This week, we cover the sengoku era history of the Shimazu clan, and their meteoric ascent from minor lords to major ones in the span of a few decades. Plus, the Tokugawa and the Shimazu, the role of sugar in the Shimazu clan’s fortunes, and the invasion of the Ryukyu islands. It’s a packed episode!
Sansom, George B. A History of Japan, Vol 2. 1334-1615
Turnbull, Stephen. The Samurai Capture a King: Okinawa, 1609.
Turnbull, Stephen. The Samurai: A Military History.
Also, while researching the grounds of some of the castles mentioned in this episode, I came across this fascinating blog that is worth a look.
Shimazu Yoshihiro, the 17th Shimazu family head. Under his generalship, and then his leadership as daimyo, the Shimazu became a major force in Japanese politics.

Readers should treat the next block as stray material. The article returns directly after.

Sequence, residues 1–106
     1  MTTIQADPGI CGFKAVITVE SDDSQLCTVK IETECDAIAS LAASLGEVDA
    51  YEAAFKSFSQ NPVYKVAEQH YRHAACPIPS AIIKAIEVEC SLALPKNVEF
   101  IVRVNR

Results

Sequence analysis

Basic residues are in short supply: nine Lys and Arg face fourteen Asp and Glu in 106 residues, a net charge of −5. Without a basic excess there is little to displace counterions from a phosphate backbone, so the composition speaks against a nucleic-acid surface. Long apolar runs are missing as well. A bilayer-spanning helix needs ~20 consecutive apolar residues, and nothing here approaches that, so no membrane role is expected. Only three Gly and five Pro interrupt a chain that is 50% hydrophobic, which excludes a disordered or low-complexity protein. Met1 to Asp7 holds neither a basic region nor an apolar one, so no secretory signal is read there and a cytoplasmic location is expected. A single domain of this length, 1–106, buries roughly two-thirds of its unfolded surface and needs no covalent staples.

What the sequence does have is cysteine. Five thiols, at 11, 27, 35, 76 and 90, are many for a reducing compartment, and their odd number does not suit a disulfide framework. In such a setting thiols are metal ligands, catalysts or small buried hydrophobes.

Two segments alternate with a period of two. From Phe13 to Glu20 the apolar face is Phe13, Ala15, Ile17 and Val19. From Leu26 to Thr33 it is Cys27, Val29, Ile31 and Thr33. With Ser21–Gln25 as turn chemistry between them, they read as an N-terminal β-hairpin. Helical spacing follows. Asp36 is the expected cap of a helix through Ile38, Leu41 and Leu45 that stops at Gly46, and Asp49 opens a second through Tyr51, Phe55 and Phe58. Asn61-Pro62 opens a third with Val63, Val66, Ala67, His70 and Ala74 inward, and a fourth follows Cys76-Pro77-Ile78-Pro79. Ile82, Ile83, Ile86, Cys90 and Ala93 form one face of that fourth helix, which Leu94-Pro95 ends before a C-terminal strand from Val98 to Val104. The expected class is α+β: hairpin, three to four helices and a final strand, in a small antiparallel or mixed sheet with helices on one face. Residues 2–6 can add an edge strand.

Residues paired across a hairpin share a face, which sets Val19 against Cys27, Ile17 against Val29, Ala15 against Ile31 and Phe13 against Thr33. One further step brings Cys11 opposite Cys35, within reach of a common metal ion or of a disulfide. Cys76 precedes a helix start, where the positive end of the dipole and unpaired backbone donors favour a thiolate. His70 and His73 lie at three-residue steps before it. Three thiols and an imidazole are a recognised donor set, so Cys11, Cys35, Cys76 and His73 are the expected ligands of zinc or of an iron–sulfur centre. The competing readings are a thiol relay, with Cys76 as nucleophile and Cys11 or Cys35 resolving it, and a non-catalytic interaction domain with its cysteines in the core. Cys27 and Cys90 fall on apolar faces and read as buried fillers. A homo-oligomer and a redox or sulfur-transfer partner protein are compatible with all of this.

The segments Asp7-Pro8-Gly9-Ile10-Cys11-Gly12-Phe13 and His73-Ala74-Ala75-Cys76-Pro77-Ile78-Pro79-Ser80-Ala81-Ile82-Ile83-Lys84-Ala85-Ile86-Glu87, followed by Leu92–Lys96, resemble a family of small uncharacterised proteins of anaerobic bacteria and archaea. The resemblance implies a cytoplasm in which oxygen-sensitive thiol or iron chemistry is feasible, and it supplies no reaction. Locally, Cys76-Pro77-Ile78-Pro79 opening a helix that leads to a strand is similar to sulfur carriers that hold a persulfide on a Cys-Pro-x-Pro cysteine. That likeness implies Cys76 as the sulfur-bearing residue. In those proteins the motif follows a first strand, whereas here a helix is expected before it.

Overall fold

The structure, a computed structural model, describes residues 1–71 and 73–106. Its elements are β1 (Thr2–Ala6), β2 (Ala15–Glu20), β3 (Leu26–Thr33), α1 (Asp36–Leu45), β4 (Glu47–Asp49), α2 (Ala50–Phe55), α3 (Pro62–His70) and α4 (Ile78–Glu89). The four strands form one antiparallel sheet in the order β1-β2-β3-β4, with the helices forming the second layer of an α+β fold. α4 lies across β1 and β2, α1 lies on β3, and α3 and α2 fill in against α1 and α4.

The Battle of Mimigawa (1578). The crushing defeat of the Otomo clan signaled the rise of the Shimazu as major contenders to rule Kyushu.
Part of the remnants of the earthworks of Kakuto castle.
An armor set which belonged to Shimazu Yoshihiro.
The old provinces of Japan. Satsuma province is at the very bottom (no. 63). Neighboring Osumi (64) was occasionally under Shimazu control as well prior to the Sengoku period.
Compare this map to the locations of Satsuma and Osumi in the previous one and you can see how far the Shimazu came by 1584.
The remnants of Nakijin castle, wiped out in the one major engagement of the Okinawan campaign.
The gravestone of Jana Ueekata, the onl Okinawan to refuse to sign the final treaty of subordination.